Arguing that anybody could do it, is simply untrue. First, writing a good book takes dedication, fluke successes aside, and requires spending vast amount of practice time. Not just anybody can do it. At least not well. And even if that is the case, the fact that anybody can do it, doesn’t make it worthless. Anybody can come and pick up your garbage, or clean an office, but we don’t make those people work for free, do we? Why would that same rule not apply to people creating creative works?

Well, they are entrepreneurs of course. They are business men and business women, and if they want to earn a living they should sell more, or switch to a regular job. Again, this doesn’t really wash. If we collectively start hiring self-employed one-man (one-woman) businesses for cleaning, does cleaning suddenly become worthless as well? Actually, there is a race to the bottom in western society to do just that, but I think that’s a disturbing trend and there are economic arguments against doing this.

Does the fact that writing is a hobby make it less valuable? No, I wouldn’t think so. I enjoy writing, yes. Many people do. I also enjoy my work as a software developer. I even develop software as a hobby, but that doesn’t mean I shouldn’t get paid for my day-job, does it? Should we stop paying professional athletes too? Or anybody who enjoys their jobs for that matter? No, your own enjoyment is irrelevant for the value. The value is in the fact that people enjoy the created work.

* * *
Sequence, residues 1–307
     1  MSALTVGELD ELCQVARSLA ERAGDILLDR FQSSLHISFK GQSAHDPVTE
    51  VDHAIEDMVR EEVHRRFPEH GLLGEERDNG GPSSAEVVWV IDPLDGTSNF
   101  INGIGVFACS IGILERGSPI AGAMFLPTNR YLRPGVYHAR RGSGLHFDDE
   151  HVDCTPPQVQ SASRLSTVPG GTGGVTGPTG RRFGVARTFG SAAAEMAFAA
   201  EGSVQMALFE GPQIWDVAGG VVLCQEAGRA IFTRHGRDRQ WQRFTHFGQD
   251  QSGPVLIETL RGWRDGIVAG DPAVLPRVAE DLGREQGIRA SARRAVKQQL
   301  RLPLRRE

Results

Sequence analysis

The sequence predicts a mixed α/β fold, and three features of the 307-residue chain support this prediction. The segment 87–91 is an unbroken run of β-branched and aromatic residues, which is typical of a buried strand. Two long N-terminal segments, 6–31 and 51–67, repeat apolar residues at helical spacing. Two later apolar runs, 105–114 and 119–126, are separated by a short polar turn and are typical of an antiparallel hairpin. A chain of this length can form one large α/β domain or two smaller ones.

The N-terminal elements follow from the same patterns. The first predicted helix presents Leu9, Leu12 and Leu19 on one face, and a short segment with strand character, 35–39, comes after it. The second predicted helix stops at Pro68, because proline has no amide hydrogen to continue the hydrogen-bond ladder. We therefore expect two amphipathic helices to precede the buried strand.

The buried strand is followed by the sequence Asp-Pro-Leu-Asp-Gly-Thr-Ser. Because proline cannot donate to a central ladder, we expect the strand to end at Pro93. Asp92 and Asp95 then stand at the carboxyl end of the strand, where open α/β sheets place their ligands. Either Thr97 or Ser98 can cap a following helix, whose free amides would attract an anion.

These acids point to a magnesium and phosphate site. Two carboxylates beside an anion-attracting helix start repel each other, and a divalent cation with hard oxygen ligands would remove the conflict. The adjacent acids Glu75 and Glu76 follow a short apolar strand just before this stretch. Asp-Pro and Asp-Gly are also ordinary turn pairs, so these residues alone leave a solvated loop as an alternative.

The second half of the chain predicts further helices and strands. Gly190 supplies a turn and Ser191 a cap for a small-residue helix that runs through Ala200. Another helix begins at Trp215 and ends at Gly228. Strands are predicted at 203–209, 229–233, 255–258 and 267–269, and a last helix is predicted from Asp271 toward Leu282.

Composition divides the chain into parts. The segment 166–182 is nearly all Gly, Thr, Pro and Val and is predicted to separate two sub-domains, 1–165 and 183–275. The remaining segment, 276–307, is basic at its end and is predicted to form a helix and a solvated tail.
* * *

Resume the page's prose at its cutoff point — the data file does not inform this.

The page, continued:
That leaves the ‘you should make money another way’ argument. Go touring, sell autographs, ask money for interviews, etc. If you think about it, this argument is a bit weird. You can make money that way, of course, but that also costs time. Why would spending time on writing that thousands enjoy be less valuable than spending time on doing autographs for a few hundred? Would people still want the autographs if the writing didn’t exist? No. Would people still want the writing if the autographs didn’t exist? Yes. So, the writing must be the valuable part.

In summary, if somebody spends time to do something other people want, be it cleaning, collecting garbage, or writing, then that has value. If nobody wants it, then it’s a different story. If nobody reads it, then you shouldn’t be paid. I wouldn’t pay a cleaner who leaves an office filthier than when they arrived either. But otherwise, yes, there is value.


I don’t think a lot of people actually think this way, but some do, and like I said, I like to rant.

There are a lot of arguments for not paying for creative works. You can be very poor, making creative works very expensive for you. That is valid. You can hate that artists make tons of money and should offer their wares for a fairer price. That is often not true, but could be valid.

However, saying that creative works are worthless by default, and you have a right to partake freely, that’s a low blow. Because to an artist, at least part of the value for them comes from the idea that what they create is valuable to others. With one fell swoop, you’re deriving pleasure for yourself but also taking it away from the creator. That’s just a dick move.

Martin Stellinga Written by:

I'm a science fiction and fantasy author/blogger from the Netherlands